New Delhi, Apr 28 (EFE).- The toll due to Covid-19 crossed a grim milestone of 200,000 in India Wednesday after nearly 3,300 new deaths marked the deadliest day of the pandemic amid strained healthcare resources due to the second wave of the virus outbreak.
The overall caseload also rose by a record number of nearly 361,000 new infections registered in the last 24 hours from Tuesday morning, the health ministry data showed.
It was the seventh day in a row that the country, the second-worst hit by the virus after the United States, reported more than 300,000 daily cases, accumulating nearly 2.4 million infections in a week.
India, the world’s second-most populous country and home to some of the densely populated cities with below-par healthcare infrastructure, now has nearly 18 million infections and 201,187 deaths due to the virus.
The World Health Organization in its weekly epidemiological report, said India had recorded almost 40 percent of the global Covid-19 cases in the last one week, calling the South Asian country an epicenter of the pandemic now.
As Covid-19 hit patients desperately looked for beds in choked hospitals struggling due to perilously low supplies of vital medicines and life-saving medical oxygen, the government has turned to its armed forces for help with the pandemic.
The Indian army claimed that it had created several covid facilities on a war footing to provide extensive medical assistance to veterans and their dependents at many places.
A hospital in the cantonment area of the capital New Delhi was converted into a covid wellness center for critical care to all patients.
The army said the hospital would have 650 covid beds, of which 450 will be oxygenated.
The Intensive Care Unit will be enhanced from 12 to 35 ICU beds by Thursday.
The next phase of expansion will see the capacity being augmented to 900 oxygenated beds by mid-June.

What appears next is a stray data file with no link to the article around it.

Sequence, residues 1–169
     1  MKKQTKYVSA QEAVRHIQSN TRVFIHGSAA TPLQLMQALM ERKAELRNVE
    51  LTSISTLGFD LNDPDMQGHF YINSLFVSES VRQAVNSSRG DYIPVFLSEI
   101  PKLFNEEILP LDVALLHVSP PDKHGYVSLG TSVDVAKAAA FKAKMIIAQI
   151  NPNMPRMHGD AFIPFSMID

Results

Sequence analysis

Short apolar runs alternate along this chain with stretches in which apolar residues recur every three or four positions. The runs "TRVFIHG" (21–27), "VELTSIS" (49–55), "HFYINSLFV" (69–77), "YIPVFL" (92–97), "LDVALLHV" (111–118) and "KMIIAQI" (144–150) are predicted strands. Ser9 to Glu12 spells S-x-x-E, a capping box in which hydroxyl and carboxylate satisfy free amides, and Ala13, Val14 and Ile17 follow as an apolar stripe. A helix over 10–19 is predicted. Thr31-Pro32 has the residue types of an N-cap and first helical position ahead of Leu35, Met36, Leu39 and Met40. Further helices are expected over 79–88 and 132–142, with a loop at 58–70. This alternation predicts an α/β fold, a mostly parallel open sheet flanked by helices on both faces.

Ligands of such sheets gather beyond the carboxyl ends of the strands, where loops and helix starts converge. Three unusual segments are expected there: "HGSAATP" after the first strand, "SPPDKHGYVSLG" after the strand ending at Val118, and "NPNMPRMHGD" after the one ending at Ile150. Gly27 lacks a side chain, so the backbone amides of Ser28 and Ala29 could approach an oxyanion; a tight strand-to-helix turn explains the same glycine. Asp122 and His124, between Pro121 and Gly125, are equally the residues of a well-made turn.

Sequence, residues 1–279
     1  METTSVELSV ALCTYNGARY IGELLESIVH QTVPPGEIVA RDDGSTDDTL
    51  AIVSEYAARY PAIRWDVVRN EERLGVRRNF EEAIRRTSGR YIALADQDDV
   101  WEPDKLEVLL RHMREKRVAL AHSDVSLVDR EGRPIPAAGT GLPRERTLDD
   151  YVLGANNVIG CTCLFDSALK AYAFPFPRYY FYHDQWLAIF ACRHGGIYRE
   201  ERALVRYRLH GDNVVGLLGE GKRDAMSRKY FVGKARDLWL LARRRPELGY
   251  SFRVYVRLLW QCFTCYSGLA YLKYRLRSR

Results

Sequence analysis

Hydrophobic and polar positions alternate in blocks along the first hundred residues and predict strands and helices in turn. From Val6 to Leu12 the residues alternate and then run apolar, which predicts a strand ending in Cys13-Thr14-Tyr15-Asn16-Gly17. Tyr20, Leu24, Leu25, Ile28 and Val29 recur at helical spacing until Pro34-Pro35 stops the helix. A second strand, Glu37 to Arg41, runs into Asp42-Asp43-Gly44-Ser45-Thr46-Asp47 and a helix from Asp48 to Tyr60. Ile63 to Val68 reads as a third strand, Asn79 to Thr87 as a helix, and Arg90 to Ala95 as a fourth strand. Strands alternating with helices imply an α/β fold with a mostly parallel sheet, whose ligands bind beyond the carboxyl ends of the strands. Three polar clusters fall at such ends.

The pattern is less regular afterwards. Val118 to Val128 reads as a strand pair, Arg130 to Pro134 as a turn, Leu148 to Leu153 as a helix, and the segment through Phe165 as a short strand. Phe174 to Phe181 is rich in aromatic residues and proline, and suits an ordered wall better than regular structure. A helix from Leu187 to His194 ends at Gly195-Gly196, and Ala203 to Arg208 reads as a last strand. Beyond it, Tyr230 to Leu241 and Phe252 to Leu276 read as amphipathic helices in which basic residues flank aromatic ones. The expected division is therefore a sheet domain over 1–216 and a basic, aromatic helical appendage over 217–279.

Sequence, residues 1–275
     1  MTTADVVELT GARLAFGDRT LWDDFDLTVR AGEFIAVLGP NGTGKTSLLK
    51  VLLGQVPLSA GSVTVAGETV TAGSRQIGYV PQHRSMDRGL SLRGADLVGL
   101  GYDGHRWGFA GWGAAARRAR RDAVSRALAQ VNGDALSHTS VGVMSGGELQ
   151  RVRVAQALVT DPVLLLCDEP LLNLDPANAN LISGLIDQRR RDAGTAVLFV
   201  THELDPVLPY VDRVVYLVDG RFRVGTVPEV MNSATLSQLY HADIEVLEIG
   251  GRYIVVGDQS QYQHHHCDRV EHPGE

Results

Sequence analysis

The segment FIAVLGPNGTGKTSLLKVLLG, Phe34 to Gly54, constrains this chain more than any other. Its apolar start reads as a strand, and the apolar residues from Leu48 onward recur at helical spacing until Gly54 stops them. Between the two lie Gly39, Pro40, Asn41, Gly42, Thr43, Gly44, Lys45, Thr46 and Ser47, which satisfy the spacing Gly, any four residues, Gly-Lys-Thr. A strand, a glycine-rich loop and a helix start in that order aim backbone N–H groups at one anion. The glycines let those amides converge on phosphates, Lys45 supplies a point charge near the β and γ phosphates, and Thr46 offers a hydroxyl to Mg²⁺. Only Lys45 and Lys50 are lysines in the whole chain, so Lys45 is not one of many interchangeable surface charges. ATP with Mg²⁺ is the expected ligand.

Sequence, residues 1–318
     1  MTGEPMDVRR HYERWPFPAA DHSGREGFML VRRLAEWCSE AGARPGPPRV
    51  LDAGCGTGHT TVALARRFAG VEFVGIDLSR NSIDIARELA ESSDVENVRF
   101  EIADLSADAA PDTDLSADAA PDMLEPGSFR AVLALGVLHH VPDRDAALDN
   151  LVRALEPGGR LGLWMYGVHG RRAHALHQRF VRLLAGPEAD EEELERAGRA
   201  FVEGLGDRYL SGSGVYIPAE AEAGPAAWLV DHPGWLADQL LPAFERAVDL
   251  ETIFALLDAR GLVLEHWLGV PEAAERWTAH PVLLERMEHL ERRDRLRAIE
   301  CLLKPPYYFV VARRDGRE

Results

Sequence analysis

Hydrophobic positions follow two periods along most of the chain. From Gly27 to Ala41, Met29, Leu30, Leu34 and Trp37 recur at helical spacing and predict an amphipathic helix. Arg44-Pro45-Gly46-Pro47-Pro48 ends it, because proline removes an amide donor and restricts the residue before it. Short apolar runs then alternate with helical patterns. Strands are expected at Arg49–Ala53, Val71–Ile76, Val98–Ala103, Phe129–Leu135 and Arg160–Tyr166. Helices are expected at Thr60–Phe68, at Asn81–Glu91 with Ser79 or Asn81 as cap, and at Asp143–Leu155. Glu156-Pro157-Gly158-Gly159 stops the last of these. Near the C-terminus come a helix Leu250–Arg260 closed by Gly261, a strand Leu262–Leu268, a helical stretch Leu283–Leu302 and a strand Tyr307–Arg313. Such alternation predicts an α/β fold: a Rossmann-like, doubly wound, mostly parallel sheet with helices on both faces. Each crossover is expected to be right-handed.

The government Wednesday said fertilizer companies across the country would contribute 50 metric tons of medical oxygen per day for seriously ill Covid-19 patients every day.
The move comes against the backdrop of a shortage of life-saving oxygen across the country, especially in Delhi, one of the worst-hit regions in India.
The federal government has also waived customs duty and health tax on the oxygen import and equipment related to the gas for three months.
The country is also getting oxygen from Canada, Dubai, and Singapore.
India is in the midst of its worst health crisis worsened by political gatherings for regional elections and mass assemblies for religious festivals like the weeks-long Kumbh Mela, or pitcher festival that saw millions of Hindus coming together on the banks of the Ganges.
Social media channels are flooded with images of mass cremation at crematoria across the country.
Some cities have created makeshift crematoria in parks and parking lots.
TV footage from the city of Beed in the western state of Maharashtra showed bodies crammed into an ambulance for cremations.
India’s capital recorded a total of 24,149 new infections and 381 deaths in a single day, the highest death rate in the city of about 20 million inhabitants.